I'm contemplating the proof of Kruskal's Tree Theorem, as presented in the book "Term Rewriting and All That." They use it to prove that every simplification order is well-founded: first by showing that the homeomorphic embedding is a wpo, and then by showing that every simplification order contains the homeomorphic embedding.

It seems to me that the only properties they use of the homeomorphic embedding in the proof are that it's well-founded, and that each term is > its subterms -- exactly the property that defines a simplification order. Does the same proof work if I instead use an arbitrary simplification order*? Does this mean every simplification order is a well-partial order*?

*One caveat: restricting terms to a finite set of variables, because it's trivial to construct a counterexample with an infinite set of variables.

  • $\begingroup$ In your second paragraph, you refer to "the proof" and "the same proof". Are you referring to the proof of Kruskal's theorem? $\endgroup$
    – cody
    Commented Aug 24, 2016 at 22:29
  • $\begingroup$ Yes, I am referring to the proof of Kruskal's Theorem $\endgroup$ Commented Aug 28, 2016 at 5:18

1 Answer 1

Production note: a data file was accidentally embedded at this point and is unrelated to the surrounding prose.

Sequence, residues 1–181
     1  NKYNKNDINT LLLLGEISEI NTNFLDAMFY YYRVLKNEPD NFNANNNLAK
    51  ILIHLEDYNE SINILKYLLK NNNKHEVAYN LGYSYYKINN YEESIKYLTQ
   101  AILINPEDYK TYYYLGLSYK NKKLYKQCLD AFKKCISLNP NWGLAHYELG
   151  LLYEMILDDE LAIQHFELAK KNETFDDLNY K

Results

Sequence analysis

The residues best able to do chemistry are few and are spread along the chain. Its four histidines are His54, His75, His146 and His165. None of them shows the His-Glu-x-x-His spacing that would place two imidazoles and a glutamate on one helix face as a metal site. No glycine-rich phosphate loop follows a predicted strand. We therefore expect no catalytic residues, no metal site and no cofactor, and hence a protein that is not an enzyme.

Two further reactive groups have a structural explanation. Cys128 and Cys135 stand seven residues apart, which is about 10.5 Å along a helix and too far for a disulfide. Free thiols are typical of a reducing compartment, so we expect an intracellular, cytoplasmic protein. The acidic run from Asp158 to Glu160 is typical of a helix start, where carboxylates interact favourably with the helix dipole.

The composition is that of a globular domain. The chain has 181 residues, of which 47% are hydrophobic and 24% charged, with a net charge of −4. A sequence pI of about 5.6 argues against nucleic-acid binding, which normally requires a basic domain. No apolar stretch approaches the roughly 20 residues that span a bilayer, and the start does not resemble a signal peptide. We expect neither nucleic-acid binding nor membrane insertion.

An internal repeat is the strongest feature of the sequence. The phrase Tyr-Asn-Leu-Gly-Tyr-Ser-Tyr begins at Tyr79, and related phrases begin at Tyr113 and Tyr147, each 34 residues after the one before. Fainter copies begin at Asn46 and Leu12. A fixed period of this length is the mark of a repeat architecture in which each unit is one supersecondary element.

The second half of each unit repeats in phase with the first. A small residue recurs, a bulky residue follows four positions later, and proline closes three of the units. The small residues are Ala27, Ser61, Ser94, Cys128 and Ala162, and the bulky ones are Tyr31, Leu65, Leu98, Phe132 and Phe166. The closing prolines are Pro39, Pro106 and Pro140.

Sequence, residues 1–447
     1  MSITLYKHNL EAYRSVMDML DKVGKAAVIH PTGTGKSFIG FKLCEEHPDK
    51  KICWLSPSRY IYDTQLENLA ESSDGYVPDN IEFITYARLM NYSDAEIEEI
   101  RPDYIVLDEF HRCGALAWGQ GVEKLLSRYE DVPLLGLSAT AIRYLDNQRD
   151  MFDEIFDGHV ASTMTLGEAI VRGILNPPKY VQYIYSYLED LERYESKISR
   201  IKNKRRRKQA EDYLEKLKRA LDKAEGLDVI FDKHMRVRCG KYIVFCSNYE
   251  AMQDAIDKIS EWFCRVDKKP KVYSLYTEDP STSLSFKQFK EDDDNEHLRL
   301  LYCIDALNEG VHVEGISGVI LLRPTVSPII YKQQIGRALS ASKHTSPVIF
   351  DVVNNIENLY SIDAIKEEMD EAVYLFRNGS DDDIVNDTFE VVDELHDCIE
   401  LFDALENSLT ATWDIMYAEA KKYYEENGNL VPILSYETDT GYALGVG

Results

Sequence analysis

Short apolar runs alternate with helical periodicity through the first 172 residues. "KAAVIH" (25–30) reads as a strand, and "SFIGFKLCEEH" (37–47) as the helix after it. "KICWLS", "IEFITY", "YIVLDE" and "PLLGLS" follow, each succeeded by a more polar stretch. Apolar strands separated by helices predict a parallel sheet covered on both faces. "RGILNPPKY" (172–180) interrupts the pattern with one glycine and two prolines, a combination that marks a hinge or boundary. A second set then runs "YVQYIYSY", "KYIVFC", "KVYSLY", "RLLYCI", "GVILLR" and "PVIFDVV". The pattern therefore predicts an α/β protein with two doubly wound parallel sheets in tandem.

Every simplification order is indeed a well-partial order because of this simple statement:

If $R$ is a well-quasi order, and $S$ is a partial order, and $R\subseteq S$, then $S$ is a well-partial order.

Proof: Exercise. Note that this nice property is not true for well-founded orders in general! In this sense, well-quasi orders are much more "stable". It's often the case that a stronger property is better behaved, even if the weaker property is what we want to prove at the end (well-quasi orderdness vs well-foundedness in this case).

Since every simplification order contains the homeomorphic embedding, it is indeed a WPO.

Your more precise statement is correct: we could directly prove that a simplification ordering is a WPO by re-producing the proof for the homeomorphic embedding, but this is not necessary because of the above statement, which shows that it suffices to prove the statement for the "minimal" such ordering.


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